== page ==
Thesis (Ph.D)


There is no Afghanistan - the historic indeterminacy of Afghan sovereign identity

Abstract

This thesis considers how we conceptualize the meaning of state failure with reference to specific so-­‐called failed states. The term implies certain prescriptions in an era of nation-­‐building projects, and as such imposes certain identity aspects on any state labeled as failed. Yet the specific histories, experiences and political culture of those states must also have meaning – not only in understanding how the current conditions came to be but also in understanding how and why we are able to talk and think about that state in whatever particular ways we do. The importance in this is that much of the academic and policy conversation around state failure takes into account the former, but not the latter. Accordingly, this project will focus on the specific case of Afghanistan. This country is largely seen as a very straight-­‐forward example of classic state failure. Yet it displays attributes which are quite different from many of those often assumed in both liberal and critical scholarly literature. Further, Afghanistan has a long history of interaction with the West, which this thesis analyses in episodic detail by way of critical discourse analysis. Analysis is leveled on narratives and discourse on Afghanistan through five historic encounters – the First, Second and Third Anglo-­‐Afghan wars, USSR-­‐US competition in Afghanistan during the Cold War, and the post-­‐September 11 intervention. This analysis suggests that Afghanistan has been assigned a certain indeterminacy in its character through the course of those interactions to the extent that assumptions of statehood which necessarily predate state failure are problematic. This project contributes to academic knowledge by bringing a careful deconstructive treatment to the notion of “state failure”. Through the recognition of binaries underpinning the narratives on Afghanistan specifically and its place as a “failed state” generally, this thesis seeks to disrupt certain “settled” knowledges about state failure too often taken for granted in liberal and critical approaches to state failure alike.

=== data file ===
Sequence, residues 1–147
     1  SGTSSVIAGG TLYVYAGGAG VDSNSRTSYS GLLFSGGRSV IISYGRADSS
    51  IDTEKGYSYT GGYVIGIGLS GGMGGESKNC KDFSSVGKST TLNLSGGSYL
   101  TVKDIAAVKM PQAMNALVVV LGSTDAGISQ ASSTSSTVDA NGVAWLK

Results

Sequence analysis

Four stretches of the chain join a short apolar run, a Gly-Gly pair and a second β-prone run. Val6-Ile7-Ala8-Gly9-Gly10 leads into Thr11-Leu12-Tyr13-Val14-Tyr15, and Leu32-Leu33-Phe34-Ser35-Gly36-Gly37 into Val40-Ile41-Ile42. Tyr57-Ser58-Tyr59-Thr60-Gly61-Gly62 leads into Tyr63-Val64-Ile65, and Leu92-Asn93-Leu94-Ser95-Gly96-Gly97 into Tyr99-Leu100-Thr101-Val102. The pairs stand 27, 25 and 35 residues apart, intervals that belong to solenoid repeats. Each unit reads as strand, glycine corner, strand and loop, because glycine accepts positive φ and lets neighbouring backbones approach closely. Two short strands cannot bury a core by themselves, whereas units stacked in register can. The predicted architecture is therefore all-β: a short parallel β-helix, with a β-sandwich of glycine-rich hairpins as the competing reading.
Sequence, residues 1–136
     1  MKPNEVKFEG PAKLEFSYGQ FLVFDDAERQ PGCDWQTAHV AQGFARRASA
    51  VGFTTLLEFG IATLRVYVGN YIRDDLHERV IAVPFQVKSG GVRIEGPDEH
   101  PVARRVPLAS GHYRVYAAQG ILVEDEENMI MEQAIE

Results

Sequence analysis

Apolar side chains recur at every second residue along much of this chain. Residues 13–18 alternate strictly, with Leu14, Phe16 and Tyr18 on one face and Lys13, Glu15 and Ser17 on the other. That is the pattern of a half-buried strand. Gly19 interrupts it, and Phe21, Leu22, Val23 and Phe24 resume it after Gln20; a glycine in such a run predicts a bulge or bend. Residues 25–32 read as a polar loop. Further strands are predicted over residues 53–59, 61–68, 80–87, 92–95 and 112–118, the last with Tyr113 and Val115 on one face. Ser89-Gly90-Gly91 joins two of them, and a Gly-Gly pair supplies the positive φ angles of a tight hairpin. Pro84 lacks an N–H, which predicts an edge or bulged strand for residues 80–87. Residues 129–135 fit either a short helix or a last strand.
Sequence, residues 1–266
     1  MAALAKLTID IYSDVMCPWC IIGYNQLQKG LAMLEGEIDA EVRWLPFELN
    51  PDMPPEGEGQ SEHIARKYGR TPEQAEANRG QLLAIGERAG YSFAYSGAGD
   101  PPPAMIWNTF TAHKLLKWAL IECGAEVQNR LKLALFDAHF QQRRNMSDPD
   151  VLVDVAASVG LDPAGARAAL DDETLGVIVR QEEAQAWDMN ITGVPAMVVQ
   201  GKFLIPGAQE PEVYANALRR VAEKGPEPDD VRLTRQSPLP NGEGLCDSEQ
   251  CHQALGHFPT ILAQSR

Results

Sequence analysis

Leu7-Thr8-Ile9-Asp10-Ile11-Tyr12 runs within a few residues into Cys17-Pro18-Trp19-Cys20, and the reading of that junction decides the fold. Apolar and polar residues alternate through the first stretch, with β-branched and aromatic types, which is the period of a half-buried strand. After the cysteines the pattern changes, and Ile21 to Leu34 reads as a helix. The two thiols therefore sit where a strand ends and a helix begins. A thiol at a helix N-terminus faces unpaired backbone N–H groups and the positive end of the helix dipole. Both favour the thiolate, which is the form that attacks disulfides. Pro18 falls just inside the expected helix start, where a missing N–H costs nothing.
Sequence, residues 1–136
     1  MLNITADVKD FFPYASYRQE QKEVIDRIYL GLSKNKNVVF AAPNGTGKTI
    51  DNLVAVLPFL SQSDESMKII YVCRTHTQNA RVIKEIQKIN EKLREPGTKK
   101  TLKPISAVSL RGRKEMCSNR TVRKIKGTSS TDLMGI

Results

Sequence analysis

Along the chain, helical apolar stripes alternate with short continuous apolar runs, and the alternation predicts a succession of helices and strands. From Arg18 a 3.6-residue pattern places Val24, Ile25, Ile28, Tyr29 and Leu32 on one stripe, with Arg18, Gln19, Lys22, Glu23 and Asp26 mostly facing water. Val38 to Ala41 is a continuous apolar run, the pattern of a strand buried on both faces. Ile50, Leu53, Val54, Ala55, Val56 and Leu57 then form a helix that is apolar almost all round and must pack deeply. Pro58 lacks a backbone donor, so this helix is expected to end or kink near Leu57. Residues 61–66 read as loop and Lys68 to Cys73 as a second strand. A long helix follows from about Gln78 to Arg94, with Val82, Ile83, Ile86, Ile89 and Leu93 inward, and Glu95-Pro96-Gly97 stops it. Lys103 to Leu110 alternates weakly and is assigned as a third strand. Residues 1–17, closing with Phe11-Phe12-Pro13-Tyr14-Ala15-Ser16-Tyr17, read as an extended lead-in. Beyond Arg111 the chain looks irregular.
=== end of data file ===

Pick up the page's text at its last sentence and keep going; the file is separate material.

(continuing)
DOI (Digital Object Identifier)

Permanent link to this resource: https://doi.org/10.24384/000559

Attached files

Authors

Szarkowski, Shane C.

Contributors

Supervisors: Browning, Gary; Managhan, Tina

Oxford Brookes departments

Department of Social Sciences, Faculty of Humanities and Social Sciences

Dates

Year: 2017


© Szarkowski, Shane C.
Published by Oxford Brookes University
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